University of Heidelberg

Spatiotemporal organization of proteins in living cells

Fluorescence microscopy is a well established tool to study dynamic processes in vitro as well as in live cells and living organisms. Our lab employs a wide-range of different fluorescence microscopy approaches to quantify processes in different biological systems.


To understand how cells respond to extracellular cues, detailed knowledge about the underlying signaling network is crucial. In the past, much work was performed to assemble the individual components of such signaling networks and their interactions. Increasing knowledge about these signaling networks has led to the realization that the spatiotemporal organization of signaling proteins within cells is non-random and highly important for reliable signal transduction. The aim of research in our group is to characterize these dynamics of signaling proteins at the single-molecule level in individual, living cells. Ongoing projects in our lab include the analysis of signal transduction pathways in bacteria as well as in eukaryotic cells.

We use the prokaryotic chemotaxis system as a model for signal transduction. Particularly, we measure the frequency of binding of single CheY molecules to its interaction partners. Studies at the single-molecule level allow us to extract the kinetics of individual binding processes. In eukaryotic cells extracellular signals are processed via receptors at the cell surface, which in turn get activated and translate the external signal into a cellular response. The temporal characteristics of intracellular signaling induced by active receptors are controlled by the kinetics of several processes: receptor internalization and intracellular trafficking, intracellular inactivation of receptors, and the degradation and the recycling of receptors and ligands. By studying the dynamics of intracellular receptor transport at the single-cell level, we were able to analyze cell-to-cell variability in these processes which is not accessible to bulk assays at the population-level. Furthermore we investigate the dynamics of signaling proteins within the cell after receptor activation by extracellular ligands. Here, we especially focus on binding kinetics of different transcription factors before and after stimulation and on the mobility of these proteins in different sub-compartments of the cell. Among other techniques, we employ multicolour total internal reflection microscopy (TIRFM), fluorescence correlation spectroscopy (FCS), Förster resonance energy transfer (FRET) and confocal imaging in our studies.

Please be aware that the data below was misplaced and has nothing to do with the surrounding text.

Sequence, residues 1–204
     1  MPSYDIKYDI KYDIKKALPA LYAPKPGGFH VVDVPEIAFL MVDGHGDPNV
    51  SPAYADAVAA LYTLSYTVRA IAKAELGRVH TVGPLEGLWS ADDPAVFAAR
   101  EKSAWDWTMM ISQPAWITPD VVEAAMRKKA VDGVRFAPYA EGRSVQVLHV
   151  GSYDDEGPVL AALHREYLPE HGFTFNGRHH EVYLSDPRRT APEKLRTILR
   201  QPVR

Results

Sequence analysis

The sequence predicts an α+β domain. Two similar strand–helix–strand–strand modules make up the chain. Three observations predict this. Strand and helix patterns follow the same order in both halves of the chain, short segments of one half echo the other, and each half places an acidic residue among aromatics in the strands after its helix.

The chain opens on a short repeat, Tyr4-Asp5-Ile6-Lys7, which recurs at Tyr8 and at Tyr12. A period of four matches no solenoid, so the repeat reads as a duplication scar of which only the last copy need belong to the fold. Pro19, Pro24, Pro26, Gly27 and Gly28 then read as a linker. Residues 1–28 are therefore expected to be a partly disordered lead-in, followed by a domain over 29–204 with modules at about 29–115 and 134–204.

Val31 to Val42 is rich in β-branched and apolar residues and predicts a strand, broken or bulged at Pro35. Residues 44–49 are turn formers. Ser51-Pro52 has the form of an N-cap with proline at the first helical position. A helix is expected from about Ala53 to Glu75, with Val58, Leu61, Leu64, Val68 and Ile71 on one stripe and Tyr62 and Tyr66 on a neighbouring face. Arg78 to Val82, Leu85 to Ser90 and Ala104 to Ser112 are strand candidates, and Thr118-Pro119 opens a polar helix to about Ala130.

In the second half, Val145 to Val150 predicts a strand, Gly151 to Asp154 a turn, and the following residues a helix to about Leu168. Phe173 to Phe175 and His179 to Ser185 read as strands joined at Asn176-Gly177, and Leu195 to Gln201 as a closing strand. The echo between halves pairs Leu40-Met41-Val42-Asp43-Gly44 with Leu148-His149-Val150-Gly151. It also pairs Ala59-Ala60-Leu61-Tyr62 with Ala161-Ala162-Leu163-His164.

A well-designed and -characterized labeling approach is critical for any fluorescence microscopy-based experiment and many different technologies to label specific (bio)-molecules with fluorophores have been developed over the past decades. Due to the wide range of applications and the diversity of labeling approaches, there is no general approach suited for every application but the choice of fluorophore and labeling procedure has to match the experimental system as well as the biological system under study. We are mainly using fluorescent proteins (FPs) and enzyme-based covalent labeling strategies with synthetic fluorophores (SNAP/CLIP/HALO-tag) for live-cell studies. While FPs are easy to use and inherently circumvent problems with non-stoichiometric labeling, their use is often limited by their relative low photostability. A number of different systems employing enzymatic reactions for covalent labeling with synthetic fluorophores have recently been introduced. All of these methods allow using bright and photostable synthetic fluorophores for live-cell studies which largely simplify single-molecule studies in a live-cell environment. At the same time, these methods require careful evaluation of the labeling procedure since non-stoichiometric and unspecific labeling can significantly influence the outcome of an experiment.



Left: FCS measurements comparing protein mobility in different compartments of a living cells. Right: Confocal images of a mouse fibroblast cell expressing a fluorescently labeled protein
Contact: E-Mail (Last update: 14/06/2018)